The Oscar Nominations: Good, but predictable


Photo credit: Ren Rader

Illustration by Ren Rader

This round of Oscars certainly has a stellar lineup. There is no doubt that the movies on the list are deserving to be potential Academy Award winners. However, that is not to say that things couldn’t have been better, and if anything, at least less predictable.

2019 was a huge year for movies all around. Box office blockbusters, Netflix movies and independent films all seemed to just be better this past year. In the blockbuster realm, movies like “Joker” continued what “Black Panther” revolutionized, showing that comic book films, when done right, have a place at the Oscars. Furthermore, “The Irishman,” Sam Mendes’s one-shot film “1917,” and the 1900s aesthetic of “The Lighthouse” made leaps and bounds in the realm of cinematography. And on the more independent side of filmmaking, films like “Parasite” got the credit they deserved.

All these films deserve to be up there. The problem? 2019 introduced several brilliant films worthy of a spotlight. Movies like “Uncut Gems,” “The Farewell,” “Queen and Slim,” “Waves” (the list goes on) all seem to have been completely ignored by the Oscars. There is then the complaint, as is indicated by the aforementioned list, that the Academy Awards remain as they have several years prior, white and male-dominated.

There are numerous articles discussing this issue online, calling out the fact that aside from South Korean director Bong Joon Ho, the entire list of nominees for Best Directing consists of white men. Similarly, all except two of the actors and actresses in Best Leading and Best Supporting categories are white.

While that seems problematic to the more progressive society that we live in, I’ll leave that discussion to other media outlets. Rather, I noticed a different problem with the Oscars, perhaps due to this lack of diversity, perhaps not. What we have lined up are remarkable accomplishments in filmmaking, but they are so predictable.

Even to the average film audience who is at least remotely familiar with some of these films, their nominations should not come as a surprise. That can be a good thing, but what I find detrimental is the sheer number of spots that the same films continue to take up as you scroll down the list of nominations. “Joker” was phenomenal, but the fact that it holds 11 nomination spots makes me consider that those nominee slots could have been put to better use.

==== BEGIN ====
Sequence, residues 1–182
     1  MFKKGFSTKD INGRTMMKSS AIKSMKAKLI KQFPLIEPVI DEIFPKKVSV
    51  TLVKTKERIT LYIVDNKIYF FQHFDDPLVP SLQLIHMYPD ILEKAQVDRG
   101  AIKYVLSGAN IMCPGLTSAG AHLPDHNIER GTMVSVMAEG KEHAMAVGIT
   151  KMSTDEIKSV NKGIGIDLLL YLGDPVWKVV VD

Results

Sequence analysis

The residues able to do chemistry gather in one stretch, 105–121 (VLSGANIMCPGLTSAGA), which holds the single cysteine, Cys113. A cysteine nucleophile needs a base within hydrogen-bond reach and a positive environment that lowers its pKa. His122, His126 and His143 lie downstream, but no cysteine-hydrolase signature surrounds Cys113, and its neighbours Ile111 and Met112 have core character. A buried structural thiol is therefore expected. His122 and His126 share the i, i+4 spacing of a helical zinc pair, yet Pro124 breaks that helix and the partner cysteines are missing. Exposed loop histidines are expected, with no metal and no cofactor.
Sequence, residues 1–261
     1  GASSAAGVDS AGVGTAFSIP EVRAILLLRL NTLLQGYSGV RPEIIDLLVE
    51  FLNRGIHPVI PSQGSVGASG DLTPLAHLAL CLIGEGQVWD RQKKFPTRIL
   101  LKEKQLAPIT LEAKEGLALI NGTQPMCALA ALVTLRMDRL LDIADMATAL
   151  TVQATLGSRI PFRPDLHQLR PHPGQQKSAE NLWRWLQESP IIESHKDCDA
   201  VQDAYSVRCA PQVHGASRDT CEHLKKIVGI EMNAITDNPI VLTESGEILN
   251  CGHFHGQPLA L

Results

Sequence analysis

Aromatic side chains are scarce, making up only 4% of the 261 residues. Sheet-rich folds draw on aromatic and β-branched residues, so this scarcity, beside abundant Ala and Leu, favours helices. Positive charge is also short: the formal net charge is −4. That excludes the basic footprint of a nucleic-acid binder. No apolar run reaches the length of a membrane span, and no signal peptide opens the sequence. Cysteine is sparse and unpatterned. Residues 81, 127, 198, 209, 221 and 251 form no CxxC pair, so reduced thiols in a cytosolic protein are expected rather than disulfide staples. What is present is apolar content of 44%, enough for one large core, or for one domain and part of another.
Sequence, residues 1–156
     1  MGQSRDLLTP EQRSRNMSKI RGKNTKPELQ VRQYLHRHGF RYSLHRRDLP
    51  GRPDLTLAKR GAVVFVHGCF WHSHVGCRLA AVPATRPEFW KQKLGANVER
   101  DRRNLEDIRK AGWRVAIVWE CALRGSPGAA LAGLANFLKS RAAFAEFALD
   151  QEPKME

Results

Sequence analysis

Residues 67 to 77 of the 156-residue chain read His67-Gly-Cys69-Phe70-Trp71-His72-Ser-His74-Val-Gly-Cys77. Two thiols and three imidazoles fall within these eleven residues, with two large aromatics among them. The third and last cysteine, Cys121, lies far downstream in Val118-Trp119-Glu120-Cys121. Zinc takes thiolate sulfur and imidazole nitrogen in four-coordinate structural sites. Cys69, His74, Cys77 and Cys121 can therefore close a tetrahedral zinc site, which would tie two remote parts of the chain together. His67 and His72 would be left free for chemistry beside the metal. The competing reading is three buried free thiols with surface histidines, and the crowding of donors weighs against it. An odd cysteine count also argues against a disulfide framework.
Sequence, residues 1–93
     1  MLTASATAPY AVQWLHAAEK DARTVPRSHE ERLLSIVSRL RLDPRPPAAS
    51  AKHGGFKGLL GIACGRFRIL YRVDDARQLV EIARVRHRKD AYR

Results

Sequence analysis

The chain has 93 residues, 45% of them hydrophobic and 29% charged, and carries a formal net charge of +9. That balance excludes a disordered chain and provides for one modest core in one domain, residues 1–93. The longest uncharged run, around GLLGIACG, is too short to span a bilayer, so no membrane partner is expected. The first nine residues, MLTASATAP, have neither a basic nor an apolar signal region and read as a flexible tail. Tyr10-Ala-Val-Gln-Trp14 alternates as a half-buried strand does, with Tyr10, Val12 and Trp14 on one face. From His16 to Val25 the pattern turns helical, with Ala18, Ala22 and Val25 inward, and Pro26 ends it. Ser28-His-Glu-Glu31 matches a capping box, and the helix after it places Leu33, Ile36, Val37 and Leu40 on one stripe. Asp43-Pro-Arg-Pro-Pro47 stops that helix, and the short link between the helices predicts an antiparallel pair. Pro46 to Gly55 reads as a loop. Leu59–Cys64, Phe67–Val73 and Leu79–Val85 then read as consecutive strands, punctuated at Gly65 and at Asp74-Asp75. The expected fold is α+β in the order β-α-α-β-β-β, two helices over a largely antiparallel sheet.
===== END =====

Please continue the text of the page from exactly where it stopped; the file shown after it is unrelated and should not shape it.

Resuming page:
And this trend is seen with several of the movies nominated. It’s almost as if getting nominated once immediately leads to five other nominations. This is the primary problem I have with the Oscars. The Academy Awards are supposed to contain the obvious picks but also some surprises along the way, and seeing the diversity of films that deserve to be up there would demonstrate the well-roundedness of movie-making that was 2019 rather than implying that “Joker” and “Once Upon a Time… In Hollywood” were the only good movies of the year.

This problem seems due, in part, to the voting process that creates the nomination list in the Oscars. For those unfamiliar, nominating a movie for each award takes place in a separate branch of filmmaking.

The actors nominate actors, directors nominate directors and so forth. In theory, I have no complaints about that system because it makes sense that those in the field would nominate the awards for that field.

But all it takes is one good movie to be nominated for half of the categories and then that starts a train of certain movies dominating most of the categories and crowding out other films. Multiply that by at least five movies that will do the same, and you have a lineup of six movies that dominate the entire Academy Awards.

The solution is a tough one. Perhaps, like Congress, the Academy Award nominees could use some term limits. That is really the only solution I can think of that would force the Academy to nominate some different films along with the obvious choices. But even then it would shake up the entire voting process.

Under that system, different branches would be competing for the maximum amount of spots a film could hold. Ultimately, maybe just more open-mindedness to lesser-known films would be nice. Whatever the solution may be, it did not happen this year.

The films are great, and while I am proud to see them up there, I cannot help but dream of what the Oscars could have been if they included the much deserving titles that the past year produced.